– Nov. 1 – 7, 2013
It’s been one full week of us travelling now, and we plan to be all the way in Austin, Texas by tonight! We’re currently in Durant, Oklahoma, about 1.5 hours from Dallas, Texas, and have driven about 2,400 kilometres. We planned to take things slower, but that will have to wait, as the cold weather exists further south than we anticipated. By tonight it should be warmer and then we want to take our time from there on out.
The first night [Friday, November 1st] we slept near Kalamazoo, Michigan, and then we were going to spend a week in Chicago, but the weather was so cold that on the second night [Saturday, November 2nd] we drove very late into the night and ended up in Pontiac, Illinois. Pontiac near the highway doesn’t seem like much, but we followed some signs the next morning to a Route 66 museum, and both the museum and the town itself were very charming. The weather was nice that day, and we spent half the day wandering around Pontiac. An older couple named Owen and Pat “Kush” Lyons came up to us at a gas station because the trailer interested them, and we talked to them, and then they gave us a tour of the town and offered that if we come back to Pontiac, we need to stay at their house and use their showers, etc. They raised 4 boys in that house and now have 4 empty bedrooms and said it would be nice for us to come back and visit them whenever we like. They were very nice people! We spent the rest of the day taking the historic Route 66 road from Pontiac to somewhere near Springfield, Illinois where we slept at a rest stop.
Somewhere along the way [Sunday, November 3rd] we crossed over a time zone, and and it now gets dark as early as 5pm. By 6pm it is pitch black, and darker than I have ever seen a night get. I had no idea how dark it could be, it doesn’t compare to any night I can remember, whether in Cambridge or elsewhere. I think this is partly because the moon was fully waned, and partly because we are in a different time zone, but I had no idea how dark it would be – I’ve never heard anybody comment on this while travelling before, but to us it has been the most stark difference between here and home. We’ve driven very far from Illinois now but the darkness and the early nights have not changed, and we’re not sure if or when it will.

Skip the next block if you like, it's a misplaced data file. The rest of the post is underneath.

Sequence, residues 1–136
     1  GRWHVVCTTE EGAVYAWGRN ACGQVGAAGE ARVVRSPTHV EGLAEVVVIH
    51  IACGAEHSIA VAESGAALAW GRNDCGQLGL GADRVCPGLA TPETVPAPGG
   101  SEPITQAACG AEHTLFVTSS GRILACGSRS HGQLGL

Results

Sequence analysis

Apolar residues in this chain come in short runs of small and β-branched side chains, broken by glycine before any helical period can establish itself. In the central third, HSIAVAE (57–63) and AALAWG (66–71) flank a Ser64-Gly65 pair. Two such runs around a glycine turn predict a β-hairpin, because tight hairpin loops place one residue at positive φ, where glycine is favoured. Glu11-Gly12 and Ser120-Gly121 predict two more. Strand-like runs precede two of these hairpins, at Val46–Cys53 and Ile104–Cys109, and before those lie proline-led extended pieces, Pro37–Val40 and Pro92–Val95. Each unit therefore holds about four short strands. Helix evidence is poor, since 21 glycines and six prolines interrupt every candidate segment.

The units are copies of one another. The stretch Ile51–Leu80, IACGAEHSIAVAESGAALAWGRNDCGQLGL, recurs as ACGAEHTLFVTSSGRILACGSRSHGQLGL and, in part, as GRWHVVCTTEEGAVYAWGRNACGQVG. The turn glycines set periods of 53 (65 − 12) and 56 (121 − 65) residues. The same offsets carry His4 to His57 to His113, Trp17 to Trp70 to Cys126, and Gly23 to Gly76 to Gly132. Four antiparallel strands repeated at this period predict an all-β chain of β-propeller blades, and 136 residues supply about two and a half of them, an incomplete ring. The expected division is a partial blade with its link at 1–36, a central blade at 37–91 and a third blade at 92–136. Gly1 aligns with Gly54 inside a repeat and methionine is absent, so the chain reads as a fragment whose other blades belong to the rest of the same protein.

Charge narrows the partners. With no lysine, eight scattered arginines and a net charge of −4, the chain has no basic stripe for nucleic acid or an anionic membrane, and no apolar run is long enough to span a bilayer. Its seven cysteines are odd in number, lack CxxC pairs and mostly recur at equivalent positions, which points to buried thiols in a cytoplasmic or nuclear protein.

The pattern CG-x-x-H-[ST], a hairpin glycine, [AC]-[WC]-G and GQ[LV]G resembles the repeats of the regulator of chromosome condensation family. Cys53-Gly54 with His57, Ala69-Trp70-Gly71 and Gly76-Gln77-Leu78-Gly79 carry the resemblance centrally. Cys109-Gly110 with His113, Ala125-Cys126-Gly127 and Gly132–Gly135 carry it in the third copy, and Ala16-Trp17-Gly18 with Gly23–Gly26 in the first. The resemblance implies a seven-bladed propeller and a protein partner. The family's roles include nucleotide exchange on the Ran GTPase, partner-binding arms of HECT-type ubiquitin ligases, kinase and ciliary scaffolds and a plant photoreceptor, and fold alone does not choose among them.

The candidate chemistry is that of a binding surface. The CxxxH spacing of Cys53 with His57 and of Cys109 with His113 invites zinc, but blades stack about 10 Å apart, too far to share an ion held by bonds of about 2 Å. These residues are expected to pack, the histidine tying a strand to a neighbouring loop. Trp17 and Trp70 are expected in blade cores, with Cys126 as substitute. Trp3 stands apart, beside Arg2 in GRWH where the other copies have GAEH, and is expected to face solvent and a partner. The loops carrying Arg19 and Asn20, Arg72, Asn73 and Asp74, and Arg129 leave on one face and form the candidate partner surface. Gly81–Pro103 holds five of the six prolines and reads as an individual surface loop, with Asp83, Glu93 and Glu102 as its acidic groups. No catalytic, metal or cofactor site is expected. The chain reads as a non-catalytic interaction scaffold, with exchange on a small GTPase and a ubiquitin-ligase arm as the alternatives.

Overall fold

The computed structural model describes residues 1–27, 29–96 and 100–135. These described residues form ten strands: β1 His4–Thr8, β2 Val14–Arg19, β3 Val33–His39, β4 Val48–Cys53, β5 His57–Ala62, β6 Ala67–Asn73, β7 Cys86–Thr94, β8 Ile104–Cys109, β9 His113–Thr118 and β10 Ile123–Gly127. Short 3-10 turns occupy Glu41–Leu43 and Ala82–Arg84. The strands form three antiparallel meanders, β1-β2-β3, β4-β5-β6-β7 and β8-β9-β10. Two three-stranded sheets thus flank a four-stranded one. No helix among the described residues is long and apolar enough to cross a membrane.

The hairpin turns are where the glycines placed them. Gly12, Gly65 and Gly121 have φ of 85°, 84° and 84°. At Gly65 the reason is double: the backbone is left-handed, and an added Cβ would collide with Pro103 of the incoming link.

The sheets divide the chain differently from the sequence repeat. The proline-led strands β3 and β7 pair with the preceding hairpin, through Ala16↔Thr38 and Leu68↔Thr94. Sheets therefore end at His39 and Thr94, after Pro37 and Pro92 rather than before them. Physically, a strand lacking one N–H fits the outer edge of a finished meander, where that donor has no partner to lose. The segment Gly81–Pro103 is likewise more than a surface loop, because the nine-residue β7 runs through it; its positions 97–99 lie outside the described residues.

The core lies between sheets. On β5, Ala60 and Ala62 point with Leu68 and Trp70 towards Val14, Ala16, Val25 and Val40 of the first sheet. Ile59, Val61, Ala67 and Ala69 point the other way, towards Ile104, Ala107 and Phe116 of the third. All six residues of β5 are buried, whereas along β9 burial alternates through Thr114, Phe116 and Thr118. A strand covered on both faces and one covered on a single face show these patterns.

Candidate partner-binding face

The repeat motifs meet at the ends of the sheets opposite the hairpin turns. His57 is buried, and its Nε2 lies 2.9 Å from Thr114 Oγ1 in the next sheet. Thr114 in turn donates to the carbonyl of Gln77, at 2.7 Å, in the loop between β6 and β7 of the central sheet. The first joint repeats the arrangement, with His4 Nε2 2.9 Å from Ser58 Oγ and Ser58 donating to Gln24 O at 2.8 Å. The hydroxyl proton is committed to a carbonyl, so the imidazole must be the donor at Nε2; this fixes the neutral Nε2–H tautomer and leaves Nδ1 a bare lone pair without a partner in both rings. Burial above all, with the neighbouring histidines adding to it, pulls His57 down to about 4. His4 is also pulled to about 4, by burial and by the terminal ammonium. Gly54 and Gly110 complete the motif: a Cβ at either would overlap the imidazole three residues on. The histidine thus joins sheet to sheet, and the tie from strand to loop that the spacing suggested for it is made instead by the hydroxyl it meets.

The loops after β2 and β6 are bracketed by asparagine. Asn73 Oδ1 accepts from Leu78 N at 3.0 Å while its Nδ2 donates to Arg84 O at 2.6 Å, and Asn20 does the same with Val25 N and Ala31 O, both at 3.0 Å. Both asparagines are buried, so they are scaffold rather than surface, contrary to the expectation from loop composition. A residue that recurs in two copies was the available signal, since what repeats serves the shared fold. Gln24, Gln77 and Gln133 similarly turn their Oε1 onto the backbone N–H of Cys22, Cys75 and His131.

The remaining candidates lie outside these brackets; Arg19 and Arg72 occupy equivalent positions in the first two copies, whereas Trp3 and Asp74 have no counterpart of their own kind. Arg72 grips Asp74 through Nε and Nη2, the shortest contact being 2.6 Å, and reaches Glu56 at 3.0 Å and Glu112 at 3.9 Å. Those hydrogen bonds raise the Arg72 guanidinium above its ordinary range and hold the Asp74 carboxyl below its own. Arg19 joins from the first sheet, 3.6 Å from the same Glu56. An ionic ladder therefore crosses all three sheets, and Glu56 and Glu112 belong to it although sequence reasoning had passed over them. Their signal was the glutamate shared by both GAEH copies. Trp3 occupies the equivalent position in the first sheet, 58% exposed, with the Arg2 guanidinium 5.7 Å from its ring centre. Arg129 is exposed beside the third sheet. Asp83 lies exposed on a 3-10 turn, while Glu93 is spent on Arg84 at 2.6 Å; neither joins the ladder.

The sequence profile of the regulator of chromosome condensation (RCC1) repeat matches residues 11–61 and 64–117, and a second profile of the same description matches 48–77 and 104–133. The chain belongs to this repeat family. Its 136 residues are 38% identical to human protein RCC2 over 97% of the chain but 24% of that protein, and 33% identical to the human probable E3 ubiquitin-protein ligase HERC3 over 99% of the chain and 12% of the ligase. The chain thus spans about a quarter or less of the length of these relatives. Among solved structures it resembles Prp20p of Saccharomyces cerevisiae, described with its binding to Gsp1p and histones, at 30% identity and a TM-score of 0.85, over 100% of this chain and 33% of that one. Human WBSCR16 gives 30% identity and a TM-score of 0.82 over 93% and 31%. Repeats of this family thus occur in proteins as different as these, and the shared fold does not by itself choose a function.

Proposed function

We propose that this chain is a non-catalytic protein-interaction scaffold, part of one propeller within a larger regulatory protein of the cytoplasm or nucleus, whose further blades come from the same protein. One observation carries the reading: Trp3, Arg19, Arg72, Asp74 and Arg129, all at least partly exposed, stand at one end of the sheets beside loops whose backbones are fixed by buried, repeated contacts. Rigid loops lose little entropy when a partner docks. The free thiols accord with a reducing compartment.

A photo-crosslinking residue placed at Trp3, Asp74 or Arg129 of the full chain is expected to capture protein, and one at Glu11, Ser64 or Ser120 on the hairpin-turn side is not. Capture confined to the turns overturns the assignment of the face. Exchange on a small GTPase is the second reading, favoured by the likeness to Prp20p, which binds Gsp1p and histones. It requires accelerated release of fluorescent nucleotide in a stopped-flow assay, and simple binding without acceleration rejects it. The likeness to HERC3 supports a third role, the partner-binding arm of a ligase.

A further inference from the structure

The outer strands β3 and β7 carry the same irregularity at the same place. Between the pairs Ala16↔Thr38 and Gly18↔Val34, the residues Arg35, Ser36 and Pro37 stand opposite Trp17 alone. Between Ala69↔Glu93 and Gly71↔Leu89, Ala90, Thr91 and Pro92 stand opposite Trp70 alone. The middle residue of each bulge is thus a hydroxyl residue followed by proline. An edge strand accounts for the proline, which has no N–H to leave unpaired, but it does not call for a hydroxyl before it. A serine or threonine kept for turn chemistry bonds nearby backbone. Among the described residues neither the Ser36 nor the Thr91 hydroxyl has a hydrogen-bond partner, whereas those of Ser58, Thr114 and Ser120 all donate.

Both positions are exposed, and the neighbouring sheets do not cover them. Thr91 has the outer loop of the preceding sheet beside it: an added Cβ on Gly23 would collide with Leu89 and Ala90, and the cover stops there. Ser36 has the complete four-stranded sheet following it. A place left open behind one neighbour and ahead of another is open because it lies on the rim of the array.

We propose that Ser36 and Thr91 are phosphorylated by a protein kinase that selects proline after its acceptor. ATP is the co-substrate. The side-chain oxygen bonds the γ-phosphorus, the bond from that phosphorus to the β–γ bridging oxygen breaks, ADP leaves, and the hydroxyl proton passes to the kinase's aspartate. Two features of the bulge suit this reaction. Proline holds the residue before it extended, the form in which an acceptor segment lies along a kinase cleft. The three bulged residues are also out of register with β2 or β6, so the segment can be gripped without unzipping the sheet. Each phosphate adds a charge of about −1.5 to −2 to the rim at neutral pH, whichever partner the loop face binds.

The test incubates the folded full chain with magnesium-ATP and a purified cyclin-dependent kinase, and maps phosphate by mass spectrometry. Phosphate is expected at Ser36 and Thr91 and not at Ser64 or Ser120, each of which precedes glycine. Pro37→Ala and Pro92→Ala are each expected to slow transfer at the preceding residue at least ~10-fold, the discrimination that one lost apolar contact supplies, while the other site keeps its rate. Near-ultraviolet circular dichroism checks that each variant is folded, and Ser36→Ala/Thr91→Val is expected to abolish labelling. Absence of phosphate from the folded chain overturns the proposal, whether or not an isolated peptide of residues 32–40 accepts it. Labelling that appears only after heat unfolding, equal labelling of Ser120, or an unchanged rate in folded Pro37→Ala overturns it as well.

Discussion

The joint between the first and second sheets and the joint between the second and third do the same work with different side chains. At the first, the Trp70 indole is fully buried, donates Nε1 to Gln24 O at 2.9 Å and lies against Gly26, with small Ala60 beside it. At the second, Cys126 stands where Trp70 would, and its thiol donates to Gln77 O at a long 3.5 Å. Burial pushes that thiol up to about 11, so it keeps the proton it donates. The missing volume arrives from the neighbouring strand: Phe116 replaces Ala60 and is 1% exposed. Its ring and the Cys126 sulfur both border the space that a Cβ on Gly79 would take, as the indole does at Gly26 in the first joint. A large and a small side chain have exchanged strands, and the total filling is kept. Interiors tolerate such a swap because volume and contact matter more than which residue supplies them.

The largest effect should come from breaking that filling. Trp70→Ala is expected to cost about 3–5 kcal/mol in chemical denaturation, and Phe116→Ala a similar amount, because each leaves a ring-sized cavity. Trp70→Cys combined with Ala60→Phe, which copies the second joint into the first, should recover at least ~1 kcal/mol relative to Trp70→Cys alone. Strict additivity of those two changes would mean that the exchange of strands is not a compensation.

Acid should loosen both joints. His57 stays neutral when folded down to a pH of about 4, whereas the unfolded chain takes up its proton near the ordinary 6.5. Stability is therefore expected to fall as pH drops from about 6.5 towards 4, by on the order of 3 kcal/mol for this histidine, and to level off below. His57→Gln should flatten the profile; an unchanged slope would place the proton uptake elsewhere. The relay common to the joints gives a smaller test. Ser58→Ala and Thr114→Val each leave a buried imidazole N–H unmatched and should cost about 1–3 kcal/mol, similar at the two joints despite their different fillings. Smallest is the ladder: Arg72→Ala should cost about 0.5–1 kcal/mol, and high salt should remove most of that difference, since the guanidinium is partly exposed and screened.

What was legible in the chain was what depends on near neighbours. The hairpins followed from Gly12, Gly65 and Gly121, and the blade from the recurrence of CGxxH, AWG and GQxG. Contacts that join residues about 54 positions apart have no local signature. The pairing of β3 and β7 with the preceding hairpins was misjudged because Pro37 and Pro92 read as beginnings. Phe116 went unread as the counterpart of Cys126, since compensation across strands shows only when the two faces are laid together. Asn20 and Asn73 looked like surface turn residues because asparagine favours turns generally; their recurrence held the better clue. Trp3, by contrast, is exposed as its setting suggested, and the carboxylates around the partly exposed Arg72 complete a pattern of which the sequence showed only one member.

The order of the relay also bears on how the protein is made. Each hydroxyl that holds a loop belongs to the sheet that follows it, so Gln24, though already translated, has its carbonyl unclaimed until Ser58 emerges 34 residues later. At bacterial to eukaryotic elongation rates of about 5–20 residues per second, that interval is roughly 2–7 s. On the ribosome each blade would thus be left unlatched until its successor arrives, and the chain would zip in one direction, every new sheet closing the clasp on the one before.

We drove in to St. Louis, Missouri the next morning [Monday, November 4th], and spent the whole day there. Route 66 is sometimes hard to follow, and it’s also slower going since there’s stops and turns along the way, so we tend to switch back and forth between the scenic route and the interstate. The tourist-y downtown of St. Louis is beautiful, and neither of us realized that the Gateway Arch (the giant architectural arch that is symbolic to St. Louis) can actually be travelled up to the top from the inside. There are pod-like elevators that you sit inside of (they are too short to stand, probably no more than 4 feet in any given dimension, though their shape is spherical and not cubic), and the pods take about 4 minutes to ascend up the inside of the arch, to the very top which is 630 feet high. The pods and the arch itself are about 50 years old, but still seem somewhat futuristic today. From the top at 630 feet, you can look out little windows to the entire city of St. Louis. It was quite spectacular. We then decided on a night-time bike ride to a different area of town where somebody said a cool area would be. DO NOT ride your bicycles or walk in the REAL city of St. Louis at night! The disparate contrast of scenic beauty downtown versus the slummy ghettos which make up the real population is astounding, and very sad actually. We biked about 3.5 miles to the area we were told to check out, and every 5 minutes or so of our bike ride, the surroundings became more impoverished and felt more dangerous than before. For some reason we stuck it out until we got to Cherokee St. which was a downtown-y feeling area, but we abruptly just turned around and went back to the safety of the Potemkin facade of the tourist district. It was sad to see the separation of poverty and wealth, which serves as a symbol today of America in general. We agreed to take this as a note of caution for our next bike-ride idea.